Big chicken...

..that's me for not getting seed in the ground months ago.
So I'm chickening out; buying little veggie plants from a good Japanese nursery.
They only had Bantam corn, so I'll have to buy more elsewhere.
QUESTION: Do I have to plant different varieties very far apart, so they won't get intimate? If they even can do the deed, that is..
TIA
HB
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On 5/1/2014 5:34 PM, Higgs Boson wrote:

If you plan to eat the corn and not save any seeds for next year, each cob will reflect the plant on which it grows without regard for the source of pollen. On the other hand, if you plan to save seeds for planting next year, planting different varieties even 100 feet apart is likely to yield hybrids.
Look at the situation with stone fruits. Some peaches (e.g., 'Indian Free', 'J.H. Hale') and some plums (e.g., 'Early Laxton', 'Seneca', 'Satsuma') require cross-pollination from a different variety to set fruit. No matter what other variety provides the pollen, however, the fruit is always the variety of the tree on which it grows. But the seeds from those fruits will likely yield plants with fruit quite different.
I have dwarf citrus -- a navel orange, a Eureka lemon, a kumquat, and a tangelo -- growing relatively close to each other. Each produces fruit according to the plant on which the fruit forms even though some of these are in flower at the same time with bees traveling between them. Thus, my lemon tree has oblong, yellow fruits that are strictly lemons; and my kumquat small, oval fruits that are clearly kumquats.
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David E. Ross
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Higgs Boson wrote:

In general it doesn't matter much unless you are saving seed and want to keep a pure breeding line, which will be impossible if using hybrids.
Corn is wind pollinated but the pollen doesn't usually go very far, it is advisable to plant in blocks instead of rows to get good pollination.
D
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David E. Ross said:

Since with corn you are eating the seed itself, the pollen parent actually matters. This is not the case with fruits, where the seed is discarded and the edible part is supplied by the female parent.
***All types of sweetcorn require isolation from popcorn and field corn.***
Normal sugary (su) and sugar enhanced (se) sweetcorns need to be isolated from shrunken aka supersweet (sh2) types.
Shrunken (sh2) should be islolated from normal sugary (su) types.
There are some newer types, called "synergistic" which are best isolated from (sh2) and (su) types, but are OK with (se) types.
Cross pollination with the wrong varieties can lead to tough, starchy kernels.
Bantam is a normal sugary (su) corn.
I grow mainly (se) types myself, sometimes with synergistic, and have good results (when not faced with horrendous heat and drought during tasselling).
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Pat in Plymouth MI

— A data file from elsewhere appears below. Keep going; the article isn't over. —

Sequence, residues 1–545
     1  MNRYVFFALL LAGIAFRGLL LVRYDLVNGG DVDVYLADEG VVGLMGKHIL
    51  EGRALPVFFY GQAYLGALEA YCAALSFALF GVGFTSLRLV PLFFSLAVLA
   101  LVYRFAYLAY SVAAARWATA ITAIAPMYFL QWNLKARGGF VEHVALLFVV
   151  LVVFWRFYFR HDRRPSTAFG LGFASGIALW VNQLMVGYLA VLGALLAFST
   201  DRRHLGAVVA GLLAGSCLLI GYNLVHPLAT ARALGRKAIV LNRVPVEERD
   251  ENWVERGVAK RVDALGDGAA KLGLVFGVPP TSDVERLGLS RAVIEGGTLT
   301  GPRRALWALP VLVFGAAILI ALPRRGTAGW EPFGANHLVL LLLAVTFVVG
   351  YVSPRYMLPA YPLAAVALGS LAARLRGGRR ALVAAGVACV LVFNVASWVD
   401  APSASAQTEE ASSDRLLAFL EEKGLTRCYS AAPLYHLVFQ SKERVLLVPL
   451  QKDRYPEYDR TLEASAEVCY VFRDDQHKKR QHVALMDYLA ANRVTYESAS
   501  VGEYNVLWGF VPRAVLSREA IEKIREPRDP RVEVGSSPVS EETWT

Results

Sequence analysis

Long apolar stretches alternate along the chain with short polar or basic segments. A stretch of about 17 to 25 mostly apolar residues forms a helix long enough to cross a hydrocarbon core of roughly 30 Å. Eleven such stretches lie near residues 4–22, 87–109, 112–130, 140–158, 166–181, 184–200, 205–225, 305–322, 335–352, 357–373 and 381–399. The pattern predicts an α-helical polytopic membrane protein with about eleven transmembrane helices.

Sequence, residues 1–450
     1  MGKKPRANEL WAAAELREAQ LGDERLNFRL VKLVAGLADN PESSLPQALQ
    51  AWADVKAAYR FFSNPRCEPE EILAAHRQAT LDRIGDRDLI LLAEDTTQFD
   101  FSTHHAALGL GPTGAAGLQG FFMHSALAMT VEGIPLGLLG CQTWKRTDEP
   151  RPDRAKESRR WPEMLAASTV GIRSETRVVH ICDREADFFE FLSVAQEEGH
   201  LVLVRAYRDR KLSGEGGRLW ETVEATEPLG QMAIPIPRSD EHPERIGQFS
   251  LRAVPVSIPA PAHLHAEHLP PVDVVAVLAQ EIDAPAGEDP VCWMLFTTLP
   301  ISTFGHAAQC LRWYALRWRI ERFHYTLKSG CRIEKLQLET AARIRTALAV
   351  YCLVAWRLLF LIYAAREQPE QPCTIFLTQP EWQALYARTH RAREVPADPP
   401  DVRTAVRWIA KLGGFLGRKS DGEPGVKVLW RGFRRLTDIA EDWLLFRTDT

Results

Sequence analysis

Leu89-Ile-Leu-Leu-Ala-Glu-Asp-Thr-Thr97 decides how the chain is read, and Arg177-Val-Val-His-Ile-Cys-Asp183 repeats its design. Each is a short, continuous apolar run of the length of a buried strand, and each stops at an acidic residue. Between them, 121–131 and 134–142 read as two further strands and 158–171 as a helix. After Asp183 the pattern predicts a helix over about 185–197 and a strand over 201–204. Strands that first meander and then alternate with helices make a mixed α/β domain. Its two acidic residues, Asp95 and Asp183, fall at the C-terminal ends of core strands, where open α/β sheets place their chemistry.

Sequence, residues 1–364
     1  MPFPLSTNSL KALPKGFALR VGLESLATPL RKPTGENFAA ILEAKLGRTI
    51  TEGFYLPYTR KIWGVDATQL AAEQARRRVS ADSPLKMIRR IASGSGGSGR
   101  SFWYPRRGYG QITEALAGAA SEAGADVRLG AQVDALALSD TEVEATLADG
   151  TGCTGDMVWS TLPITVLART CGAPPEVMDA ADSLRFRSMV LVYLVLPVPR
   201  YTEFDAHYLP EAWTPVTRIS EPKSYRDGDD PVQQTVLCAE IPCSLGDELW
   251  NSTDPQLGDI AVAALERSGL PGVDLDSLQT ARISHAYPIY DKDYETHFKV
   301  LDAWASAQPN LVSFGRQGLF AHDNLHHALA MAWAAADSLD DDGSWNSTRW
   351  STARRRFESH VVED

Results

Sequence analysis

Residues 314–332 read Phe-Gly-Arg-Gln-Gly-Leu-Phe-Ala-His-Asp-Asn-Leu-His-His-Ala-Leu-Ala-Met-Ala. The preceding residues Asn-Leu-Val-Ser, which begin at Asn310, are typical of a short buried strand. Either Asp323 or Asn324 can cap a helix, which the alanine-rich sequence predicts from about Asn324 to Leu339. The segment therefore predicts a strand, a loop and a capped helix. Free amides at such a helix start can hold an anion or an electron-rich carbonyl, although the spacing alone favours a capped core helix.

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On Wednesday, May 7, 2014 6:24:45 AM UTC-7, Pat Kiewicz wrote:

I bow before thy erudition!
Actually, this info is going to be a huge help when I go to buy different variety corn plants. I want more, because nursery said the Bantam only produced 2 cobs?
In reply to both your good self and the other posters, I'm planting to eat, not to save. No field corn, no popcorn.
NEW TOPIC: Months ago I planted a yellow and white hybrid corn seed touted by the nursery, but zip germinated. I just took some of the remaining seeds and did the moist paper towel thing to test germination before wasting time & space in the earth. This works on some seeds, but will it work with corn, or does it take too long?
Thanks to all for good advice.
HB
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Higgs Boson said:

As you should! 8^)

Under *ideal* conditions, you can get teo ears. My rule of thumb is one good ear per plant as a reasonable expectation and another (even partly pollinated) is a bonus.

This should work with corn. Seeds for sweetcorn can be kept for 2 years with reasonable expectation for germination, but beyond that it's best to get fresh seed.
Corn seeds are a big chunk of food, very popular with seed maggots, mice and birds. Voles will sometimes pull the emerging plants down into the ground and make them disappear. In warm soil they should begin to show sprouts within a week. If you mark where you've planted you could check them (carefully) to see if the seeds are still there or have been swiped or consumed by maggots.
A while back I had a male cardinal who had learned to pull up my corn plants when they had barely emerged and nip off the remaining kernel, so I had to net the corn to keep him out. He must have died and took his secret with him, as when I decided to try planting without nets a couple of years ago, no more extractions.
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Pat in Plymouth MI

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Pat Kiewicz wrote:

You should live in the land of parrots. If a flock discovers un-netted corn they can strip the entire block in minutes and if netted make a big mess trying to chew through the net.
I had a friend in the city who thought it was cute to feed some cockatoos that had taken up residence in the district (not their native place). They ate her wooden balcony balustrade. She was renting. The landlord was not amused. She hid the feeding tray and played dumb - which wasn't too difficult.
D
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